Dr Gillian Fowler

Published in Energy Voice, February 2024

Despite ongoing national and global campaigns focusing on improving mental health and awareness, millions of working days are lost, with the Chartered Institute of Personnel & Development (CIPD) highlighting that for the year of 2022/2023, the UK reported the highest level over 15 years.

To put this into context, over 35million working days were lost in the UK during this time, with 76% being as a result of stress-related reasons.  Furthermore, according to the UK Government’s statistics, each employee on average has 15.8 days sick days per year, with further reasons of absence including injury; ill health cases; and musculoskeletal disorders.

Regardless of all the good work that is being undertaken to challenge and remove any stigma on poor mental health, to provide getter support, educate and signpost, statistics are showing mental health cases are on the rise with negative impact to personal lives and business.

Unfortunately, deteriorating mental health and wellbeing are not always easily recognised by others, let along ourselves, even more so during the earlier stages. But ongoing education plays a critical part, and this does not just sit outside the working place. It must come inside the doors.

As a business, there is much to be gained by being fully engaged to encompassing a supportive, enhanced wellbeing environment. After all, healthy, happy workers also bring enormous benefits to the business itself, including higher productivity, engagement and less absence. But do not do this as a ‘tick box’ exercise; employees can see through this. Be authentic, build a culture that safeguards health, be open to learning and educating, and lead by example.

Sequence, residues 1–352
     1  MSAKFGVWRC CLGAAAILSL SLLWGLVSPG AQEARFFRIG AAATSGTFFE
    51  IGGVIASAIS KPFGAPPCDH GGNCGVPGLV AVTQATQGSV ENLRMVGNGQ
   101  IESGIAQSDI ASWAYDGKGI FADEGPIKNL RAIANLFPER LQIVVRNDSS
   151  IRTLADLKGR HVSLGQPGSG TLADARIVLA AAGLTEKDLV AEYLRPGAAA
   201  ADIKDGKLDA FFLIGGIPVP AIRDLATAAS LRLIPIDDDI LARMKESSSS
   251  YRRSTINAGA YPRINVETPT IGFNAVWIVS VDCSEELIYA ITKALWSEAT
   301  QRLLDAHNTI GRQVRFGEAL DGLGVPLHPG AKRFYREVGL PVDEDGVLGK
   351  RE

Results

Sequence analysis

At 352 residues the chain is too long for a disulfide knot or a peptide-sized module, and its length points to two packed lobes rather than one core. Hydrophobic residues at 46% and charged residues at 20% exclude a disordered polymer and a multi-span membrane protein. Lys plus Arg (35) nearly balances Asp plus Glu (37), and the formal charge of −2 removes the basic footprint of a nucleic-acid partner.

Open up and promote signposting and awareness to proactive and reactive support and activities, making this readily available to all at any time. Share via company intranets, staff boards, emails / communication channels, as well form part of new employee welcome packs and annual review processes.

Companies should also consider reviewing inter-relationships and communication channels, and avenues to understand what helps or hinders productivity, culture and wellbeing. Offer employees opportunities to share feedback without the fear of negative consequences, whether this be through appraisals, surveys, HR meetings plus any informal channels. More companies are also rolling out mental health training to ALL members of staff, thus helping to raise awareness of what we can do to better help ourselves and others.

The tide on mental health and wellbeing is turning, but there is a long way to go yet.

Let’s begin the year as we mean to go on, with more focus on educating, training, feedback, listening and action. Take the time to measure how your activities impacts individuals and business, review and adjust – and don’t stop, keep the positive momentum going.

Similar Posts